Subject does not appear to have a particular method for selecting targets; nor do there appear to be any necessary conditions that must be met for subject to appear, other than it being nighttime. Subject also does not appear to be hostile, generally speaking, despite the unusual activity that may occur should you bring a vehicle to its site.
In fact, subject is quite passive. It simply is there, and then it is not.
Containment: None required. Subject may be safely visited and viewed.
Additional notes: St. Louis is a small town in Saskatchewan with a population of 415, according to the 2016 census. Originally a Métis community, it was incorporated as a village in 1959. The nearest large city is Prince Albert, located approximately 35 km to the north.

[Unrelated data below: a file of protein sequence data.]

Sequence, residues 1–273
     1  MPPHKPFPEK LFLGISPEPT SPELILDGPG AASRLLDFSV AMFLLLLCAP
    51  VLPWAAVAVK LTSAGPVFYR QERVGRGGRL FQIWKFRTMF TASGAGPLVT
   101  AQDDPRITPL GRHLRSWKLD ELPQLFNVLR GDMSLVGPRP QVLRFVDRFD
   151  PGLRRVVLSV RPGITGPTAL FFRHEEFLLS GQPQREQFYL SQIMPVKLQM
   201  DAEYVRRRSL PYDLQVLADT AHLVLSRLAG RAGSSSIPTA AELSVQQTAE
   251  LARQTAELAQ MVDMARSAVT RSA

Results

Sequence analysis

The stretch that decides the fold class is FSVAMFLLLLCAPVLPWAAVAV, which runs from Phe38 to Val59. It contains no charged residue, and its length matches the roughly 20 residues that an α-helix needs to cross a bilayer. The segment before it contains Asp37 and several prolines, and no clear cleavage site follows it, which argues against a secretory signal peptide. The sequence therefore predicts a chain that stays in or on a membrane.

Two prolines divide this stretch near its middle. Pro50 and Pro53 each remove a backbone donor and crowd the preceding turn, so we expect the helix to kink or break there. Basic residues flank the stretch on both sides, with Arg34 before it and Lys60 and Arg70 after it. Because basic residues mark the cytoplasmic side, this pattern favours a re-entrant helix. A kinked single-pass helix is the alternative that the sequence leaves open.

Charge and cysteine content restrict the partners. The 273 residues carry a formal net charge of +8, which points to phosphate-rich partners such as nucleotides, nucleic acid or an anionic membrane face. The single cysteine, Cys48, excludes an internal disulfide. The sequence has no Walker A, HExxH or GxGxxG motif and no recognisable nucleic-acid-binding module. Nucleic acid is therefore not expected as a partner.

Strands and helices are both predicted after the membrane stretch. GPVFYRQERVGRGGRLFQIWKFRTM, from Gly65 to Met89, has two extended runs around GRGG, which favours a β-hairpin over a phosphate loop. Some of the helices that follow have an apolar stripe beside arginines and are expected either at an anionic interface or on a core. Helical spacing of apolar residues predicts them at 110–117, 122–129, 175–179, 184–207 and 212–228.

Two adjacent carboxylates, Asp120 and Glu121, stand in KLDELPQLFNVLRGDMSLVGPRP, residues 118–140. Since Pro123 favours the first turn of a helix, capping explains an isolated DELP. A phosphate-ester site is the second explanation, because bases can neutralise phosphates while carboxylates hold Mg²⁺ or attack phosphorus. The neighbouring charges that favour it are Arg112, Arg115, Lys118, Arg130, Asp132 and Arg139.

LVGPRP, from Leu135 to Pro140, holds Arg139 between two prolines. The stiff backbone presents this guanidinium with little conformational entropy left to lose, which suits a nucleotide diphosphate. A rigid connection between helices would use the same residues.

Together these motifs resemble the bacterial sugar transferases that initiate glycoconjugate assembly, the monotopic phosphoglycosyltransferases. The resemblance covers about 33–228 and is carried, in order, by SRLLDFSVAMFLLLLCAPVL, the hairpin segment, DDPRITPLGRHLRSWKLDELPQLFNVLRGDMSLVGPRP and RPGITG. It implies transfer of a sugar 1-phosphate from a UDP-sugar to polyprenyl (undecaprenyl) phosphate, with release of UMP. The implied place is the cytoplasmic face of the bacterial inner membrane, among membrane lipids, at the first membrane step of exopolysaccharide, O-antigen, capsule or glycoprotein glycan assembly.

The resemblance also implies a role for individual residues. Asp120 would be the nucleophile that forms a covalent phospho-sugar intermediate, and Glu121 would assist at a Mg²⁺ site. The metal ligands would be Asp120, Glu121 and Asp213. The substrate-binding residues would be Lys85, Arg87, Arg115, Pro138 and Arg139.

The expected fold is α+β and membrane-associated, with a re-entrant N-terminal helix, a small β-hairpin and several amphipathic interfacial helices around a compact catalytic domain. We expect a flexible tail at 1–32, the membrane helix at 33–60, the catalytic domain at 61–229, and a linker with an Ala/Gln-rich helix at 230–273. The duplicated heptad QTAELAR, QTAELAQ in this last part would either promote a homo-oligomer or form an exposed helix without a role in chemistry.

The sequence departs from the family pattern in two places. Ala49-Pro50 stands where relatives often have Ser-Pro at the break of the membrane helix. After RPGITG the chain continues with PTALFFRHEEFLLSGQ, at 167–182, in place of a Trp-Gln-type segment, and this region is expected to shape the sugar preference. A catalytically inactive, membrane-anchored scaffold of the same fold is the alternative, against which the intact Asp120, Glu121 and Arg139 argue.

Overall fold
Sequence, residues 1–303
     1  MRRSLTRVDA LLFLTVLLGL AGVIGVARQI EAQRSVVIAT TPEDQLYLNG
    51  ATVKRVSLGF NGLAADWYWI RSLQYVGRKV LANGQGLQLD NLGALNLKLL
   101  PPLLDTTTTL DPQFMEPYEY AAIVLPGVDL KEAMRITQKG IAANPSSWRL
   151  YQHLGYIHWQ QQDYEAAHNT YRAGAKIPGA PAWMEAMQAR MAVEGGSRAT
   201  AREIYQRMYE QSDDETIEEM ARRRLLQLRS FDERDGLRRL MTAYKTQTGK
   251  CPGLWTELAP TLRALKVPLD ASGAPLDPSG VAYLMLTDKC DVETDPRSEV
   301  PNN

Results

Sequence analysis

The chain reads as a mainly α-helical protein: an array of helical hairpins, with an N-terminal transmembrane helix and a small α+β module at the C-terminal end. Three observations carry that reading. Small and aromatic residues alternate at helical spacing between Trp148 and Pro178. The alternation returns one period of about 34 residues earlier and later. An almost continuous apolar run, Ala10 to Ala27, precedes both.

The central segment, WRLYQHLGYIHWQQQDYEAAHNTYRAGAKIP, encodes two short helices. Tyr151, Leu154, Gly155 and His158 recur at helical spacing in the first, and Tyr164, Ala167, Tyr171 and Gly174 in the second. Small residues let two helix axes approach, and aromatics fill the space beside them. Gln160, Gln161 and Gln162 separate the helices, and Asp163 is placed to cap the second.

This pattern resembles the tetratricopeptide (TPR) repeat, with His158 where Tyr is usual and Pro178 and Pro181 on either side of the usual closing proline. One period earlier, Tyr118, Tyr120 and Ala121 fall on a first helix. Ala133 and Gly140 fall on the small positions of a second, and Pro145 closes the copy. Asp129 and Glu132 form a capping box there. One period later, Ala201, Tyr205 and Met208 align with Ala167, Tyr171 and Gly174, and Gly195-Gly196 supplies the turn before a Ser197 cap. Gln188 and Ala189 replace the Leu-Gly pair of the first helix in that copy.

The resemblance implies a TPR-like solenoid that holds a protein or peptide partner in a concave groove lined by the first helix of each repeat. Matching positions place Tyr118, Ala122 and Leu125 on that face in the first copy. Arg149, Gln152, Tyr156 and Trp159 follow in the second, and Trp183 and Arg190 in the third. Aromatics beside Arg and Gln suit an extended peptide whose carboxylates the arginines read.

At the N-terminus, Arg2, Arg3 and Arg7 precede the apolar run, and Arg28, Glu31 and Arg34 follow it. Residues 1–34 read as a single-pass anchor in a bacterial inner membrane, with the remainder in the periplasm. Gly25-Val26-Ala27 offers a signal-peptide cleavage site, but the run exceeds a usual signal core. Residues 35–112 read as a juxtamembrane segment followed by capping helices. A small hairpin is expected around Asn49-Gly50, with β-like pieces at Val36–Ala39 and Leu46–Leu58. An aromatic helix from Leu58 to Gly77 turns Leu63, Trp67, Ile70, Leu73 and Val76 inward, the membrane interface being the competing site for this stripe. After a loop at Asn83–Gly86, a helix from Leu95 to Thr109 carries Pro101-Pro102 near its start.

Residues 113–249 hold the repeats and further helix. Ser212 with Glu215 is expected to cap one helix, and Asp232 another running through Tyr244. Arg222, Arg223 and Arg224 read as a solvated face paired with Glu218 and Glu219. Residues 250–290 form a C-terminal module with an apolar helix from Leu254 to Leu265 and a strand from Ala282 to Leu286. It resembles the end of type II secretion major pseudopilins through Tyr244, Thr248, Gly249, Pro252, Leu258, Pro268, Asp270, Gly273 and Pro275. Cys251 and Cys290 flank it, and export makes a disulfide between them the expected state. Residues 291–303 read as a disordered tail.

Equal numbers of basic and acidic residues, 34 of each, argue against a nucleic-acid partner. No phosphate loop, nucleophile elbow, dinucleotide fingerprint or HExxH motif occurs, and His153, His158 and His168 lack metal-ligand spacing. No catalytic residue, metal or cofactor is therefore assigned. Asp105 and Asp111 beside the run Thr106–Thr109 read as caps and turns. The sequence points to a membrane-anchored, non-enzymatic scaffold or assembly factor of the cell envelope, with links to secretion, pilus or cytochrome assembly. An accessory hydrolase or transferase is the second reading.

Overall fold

Numerous stories exist explaining subject’s potential genesis. However, they all typically have roughly the same shape: Circa 1920, the stories claim, an engineer, conductor, or other employee of the Canadian National Railway was allegedly struck by a train while investigating the track, resulting in the employee’s decapitation and subsequent death. His spirit now spends his evenings searching futilely for his missing appendage along where the train tracks — now long since pulled up — used to be. According to these stories, the phantom headlight is that of the train that struck him, while the bobbing lantern is held by the headless soul to light his way as he searches. (Exactly what good a light might do for a headless individual is not addressed in most versions of the story.)